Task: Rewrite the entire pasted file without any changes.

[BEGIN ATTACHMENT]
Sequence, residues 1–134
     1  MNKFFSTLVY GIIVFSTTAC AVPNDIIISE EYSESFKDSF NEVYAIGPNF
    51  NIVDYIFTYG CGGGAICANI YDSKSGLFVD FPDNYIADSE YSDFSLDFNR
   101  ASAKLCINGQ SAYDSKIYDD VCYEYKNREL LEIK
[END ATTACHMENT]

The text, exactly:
Sequence, residues 1–134
     1  MNKFFSTLVY GIIVFSTTAC AVPNDIIISE EYSESFKDSF NEVYAIGPNF
    51  NIVDYIFTYG CGGGAICANI YDSKSGLFVD FPDNYIADSE YSDFSLDFNR
   101  ASAKLCINGQ SAYDSKIYDD VCYEYKNREL LEIK